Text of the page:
Depending on the Github plan, there may be a pull-down menu for creating the pull request that lets you create a “draft” pull request. If that is not present, you can signal this the old-fashioned way by adding “[WIP]” (for Work-in-Progress) at the beginning of the pull request title.

Either way, create the pull request. Do not assign reviewers until you are done making your changes (which is probably not now). This way the assigning of reviewers becomes an unambiguous signal that the PR is actually ready for review.


Avoid having pull requests that take months to complete. It is better to divide up the work, even artificially, into a piece that can be reviewed and merged into the main repository within a week or two.

3. Develop#

The development process is a loop of adding code, testing and debugging, and committing and pushing to Github. You may go through many (many!) iterations of this loop before the code is ready for review. This workflow is illustrated in Figure 6.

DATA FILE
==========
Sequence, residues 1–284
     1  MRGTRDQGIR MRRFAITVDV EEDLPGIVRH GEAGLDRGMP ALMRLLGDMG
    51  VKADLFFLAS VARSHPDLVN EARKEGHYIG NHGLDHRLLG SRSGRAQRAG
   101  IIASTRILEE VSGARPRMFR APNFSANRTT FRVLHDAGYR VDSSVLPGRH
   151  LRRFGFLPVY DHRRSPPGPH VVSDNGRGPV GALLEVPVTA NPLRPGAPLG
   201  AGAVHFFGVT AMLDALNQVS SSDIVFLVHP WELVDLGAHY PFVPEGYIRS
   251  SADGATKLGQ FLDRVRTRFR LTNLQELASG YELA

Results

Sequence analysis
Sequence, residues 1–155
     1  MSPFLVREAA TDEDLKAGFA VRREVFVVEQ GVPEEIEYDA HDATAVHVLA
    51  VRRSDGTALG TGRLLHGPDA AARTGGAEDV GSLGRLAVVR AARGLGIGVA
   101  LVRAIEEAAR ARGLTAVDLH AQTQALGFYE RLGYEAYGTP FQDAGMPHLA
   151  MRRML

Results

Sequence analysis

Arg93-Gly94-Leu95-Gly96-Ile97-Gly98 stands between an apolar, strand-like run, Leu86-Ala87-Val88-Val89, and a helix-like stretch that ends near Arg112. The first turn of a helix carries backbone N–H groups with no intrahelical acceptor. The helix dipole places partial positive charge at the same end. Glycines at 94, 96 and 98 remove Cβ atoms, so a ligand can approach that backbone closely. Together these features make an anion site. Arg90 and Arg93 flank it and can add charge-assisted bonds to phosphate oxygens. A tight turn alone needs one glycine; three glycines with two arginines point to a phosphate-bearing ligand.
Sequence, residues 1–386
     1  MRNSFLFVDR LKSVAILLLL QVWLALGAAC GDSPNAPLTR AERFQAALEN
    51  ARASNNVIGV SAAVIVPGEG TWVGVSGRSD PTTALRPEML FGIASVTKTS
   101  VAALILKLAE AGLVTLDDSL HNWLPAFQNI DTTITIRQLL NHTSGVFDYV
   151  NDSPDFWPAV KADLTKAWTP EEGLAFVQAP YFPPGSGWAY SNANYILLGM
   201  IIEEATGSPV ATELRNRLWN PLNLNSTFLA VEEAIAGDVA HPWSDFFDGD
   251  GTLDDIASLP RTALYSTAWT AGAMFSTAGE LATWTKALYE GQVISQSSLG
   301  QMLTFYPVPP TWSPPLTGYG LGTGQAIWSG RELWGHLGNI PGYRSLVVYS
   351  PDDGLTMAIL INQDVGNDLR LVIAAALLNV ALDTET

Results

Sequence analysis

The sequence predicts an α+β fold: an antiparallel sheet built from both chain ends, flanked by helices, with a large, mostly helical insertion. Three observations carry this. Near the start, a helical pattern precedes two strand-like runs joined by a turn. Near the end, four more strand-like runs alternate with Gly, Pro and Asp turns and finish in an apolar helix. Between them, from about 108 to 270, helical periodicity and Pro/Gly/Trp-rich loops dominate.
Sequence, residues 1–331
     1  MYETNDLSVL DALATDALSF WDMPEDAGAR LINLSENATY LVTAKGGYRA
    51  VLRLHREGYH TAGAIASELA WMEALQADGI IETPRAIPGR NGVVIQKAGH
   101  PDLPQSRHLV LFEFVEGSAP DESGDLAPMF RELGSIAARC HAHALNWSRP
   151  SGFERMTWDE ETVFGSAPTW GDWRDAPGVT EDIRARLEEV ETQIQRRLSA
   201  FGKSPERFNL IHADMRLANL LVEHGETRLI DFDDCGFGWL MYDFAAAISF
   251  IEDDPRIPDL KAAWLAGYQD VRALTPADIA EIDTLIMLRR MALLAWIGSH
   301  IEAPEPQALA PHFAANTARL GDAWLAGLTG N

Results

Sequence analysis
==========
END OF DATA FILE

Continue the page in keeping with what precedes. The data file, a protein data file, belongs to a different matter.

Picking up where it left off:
Figure 6. Software development workflow#

Running tests#

After significant edits, you should make sure you have tests for the new/changed functionality. This involves writing Unit tests as well as running the test suite and examining the results of the Code coverage.

This project uses Pytest to help with running the unit tests. From the top-level directory of the working tree, type:


Alternatively users of an IDE like PyCharm can run the tests from within the IDE.

Commit changes#

The commands: git add, git status, and git commit are all used in combination to save a snapshot of a Git project’s current state. [1].

The commit command is the equivalent of “saving” your changes. But unlike editing a document, the set of changes may cover multiple files, including newly created files. To allow the user flexibility in specifying exactly which changes to save with each commit, the add command is used first to indicate files to “stage” for the next commit command. The status command is used to show the current status of the working tree.